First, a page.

First of all, Martin is not a young guy.  See above photo.  He, too, will be there for hours, shaking innumerable hands (thanks to Bruce Campbell’s autobiography for acquainting me with what a scary process this can be), and signing innumerable autographs (think of the hand cramps!).  If he took individual photos with everyone in line, it would either mean the whole event would be waaaaaaay longer, or, more likely, that he wouldn’t be able to see as many people.  So this stuff actually is probably to increase the lowly line-waiter’s chance of a face-to-face, however brief.  Also, the day before the signing, he has a reading and Q&A at the Toronto International Film Festival (sold out).  Just so you know, these events encompass more than just the time he spends with the public.  There is much going on behind the scenes to make it all possible.    So, he is probably already exhausted.  I would be too.  I had a look at his schedule of appearances on his official site… he already has bookings for 2014.   http://georgerrmartin.com/appearances.html

Also, although it could be a be conspiratorial marketing scheme, looking at various pages of his site, including his journal, he seems to actually like (most of) his fans, and even has a soft spot for the crazy ones who name babies after his characters.  So maybe we should go easy on him, and author and fans can appreciate that the other one is setting aside time out of their schedule for them.   I, for one, think of all this as further evidence that books are definitely still relevant, or we wouldn’t be so passionate.

So thanks to you both.


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George R.R. Martin Signing in Toronto

Meet George R.R. Martin – award-winning author and executive producer of the HBO hit Game of Thrones – as he signs A Dance With Dragons, the newest book in the epic bestselling A Song of Ice and Fire series.

Event details:
• Line-up will be first-come, first-served. Due to anticipated attendance, line-up may begin outside of Indigo Manulife Centre – Bay Street entrance ONLY. Please dress appropriately for the weather.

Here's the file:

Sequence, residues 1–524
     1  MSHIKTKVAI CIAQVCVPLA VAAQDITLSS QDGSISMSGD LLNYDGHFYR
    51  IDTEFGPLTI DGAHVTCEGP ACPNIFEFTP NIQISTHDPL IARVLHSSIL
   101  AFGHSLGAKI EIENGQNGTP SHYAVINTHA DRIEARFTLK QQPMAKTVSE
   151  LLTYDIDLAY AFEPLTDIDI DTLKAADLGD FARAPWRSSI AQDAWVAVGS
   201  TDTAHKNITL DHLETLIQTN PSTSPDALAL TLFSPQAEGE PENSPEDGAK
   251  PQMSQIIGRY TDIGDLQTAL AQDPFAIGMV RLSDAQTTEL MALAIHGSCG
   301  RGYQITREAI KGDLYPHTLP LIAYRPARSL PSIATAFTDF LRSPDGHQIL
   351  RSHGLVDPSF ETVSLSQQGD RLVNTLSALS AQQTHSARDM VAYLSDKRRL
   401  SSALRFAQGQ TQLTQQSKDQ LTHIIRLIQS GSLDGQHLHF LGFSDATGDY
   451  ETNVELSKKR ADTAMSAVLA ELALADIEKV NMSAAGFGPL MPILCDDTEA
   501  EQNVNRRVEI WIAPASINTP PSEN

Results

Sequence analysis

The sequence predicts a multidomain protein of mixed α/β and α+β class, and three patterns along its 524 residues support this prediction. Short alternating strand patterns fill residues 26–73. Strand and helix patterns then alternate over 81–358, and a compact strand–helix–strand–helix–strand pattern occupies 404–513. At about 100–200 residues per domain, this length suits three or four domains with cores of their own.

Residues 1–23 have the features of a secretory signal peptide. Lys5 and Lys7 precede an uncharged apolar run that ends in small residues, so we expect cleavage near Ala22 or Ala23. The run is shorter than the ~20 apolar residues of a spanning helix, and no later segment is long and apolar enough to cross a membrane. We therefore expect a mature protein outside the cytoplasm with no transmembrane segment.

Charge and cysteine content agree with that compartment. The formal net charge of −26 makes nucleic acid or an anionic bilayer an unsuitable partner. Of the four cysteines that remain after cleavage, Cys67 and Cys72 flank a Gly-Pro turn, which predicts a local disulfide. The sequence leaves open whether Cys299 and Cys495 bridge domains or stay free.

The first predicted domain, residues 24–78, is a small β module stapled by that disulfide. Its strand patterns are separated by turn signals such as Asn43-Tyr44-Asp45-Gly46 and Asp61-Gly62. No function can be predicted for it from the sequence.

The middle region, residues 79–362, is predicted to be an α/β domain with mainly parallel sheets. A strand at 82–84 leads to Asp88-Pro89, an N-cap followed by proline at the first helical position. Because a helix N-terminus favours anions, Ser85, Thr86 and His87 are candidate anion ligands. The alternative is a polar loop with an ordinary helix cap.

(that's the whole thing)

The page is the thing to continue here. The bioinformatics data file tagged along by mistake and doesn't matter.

• George R.R. Martin will sign ONE to TWO (1-2) books maximum, depending on the number of people in line.
• No personalizations – author signature only
• No posed photography – can take photographs from the line
• Follow @indigogreenroom on twitter for up-to-the minute information.

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Amazon Boycott – Vive la Resistance!

The boycott of Amazon by refusing to stock their books on the shelves, now includes Barnes & Noble, Indigo, Books-A-Million, and IndieCommerce, the venue for the American Booksellers Association (ABA).    To meet customers’  needs, the books continue to be offered for special order, but the companies will not be ordering any stock on hand, in stores or warehouses.  I don’t know how much this will hurt Amazon, since the majority of their business is done online, but a publishing company that doesn’t have books on shelves is necessarily limited.  Not every book-lover shops online, and it will definitely limit distribution in Canada, where Indigo and Books-A-Million have a strong presence.

I have never been a fan of Amazon’s policy of publishing their e-books only in their own format, as opposed to the industry standard of ePub.   Now, their publishing house won’t allow their authors’ e-books to be sold by anyone but Amazon.  The response of the other book-sellers is that they won’t be used as Amazon’s bricks-and-mortar, and prevented from selling the electronic versions.

I have included links to two more articles on the subject, and will be watching developments with interest.  Even if this has no impact on Amazon at all, I’m still glad they’re doing it.



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Great Bookstore Flash Mob

For Valentine’s day, I’d like to share a little video with you that was posted by Indigo Books.  Wish I worked at this store!

Happy Valentine’s Day to all the book-lovers everywhere.

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Amazon Publishing bookshop boycott grows | Books | guardian.co.uk

Barnes and Noble, Indigo, and independent booksellers have joined together against  Amazon’s Goliath.


Amazon Publishing bookshop boycott grows | Books | guardian.co.uk.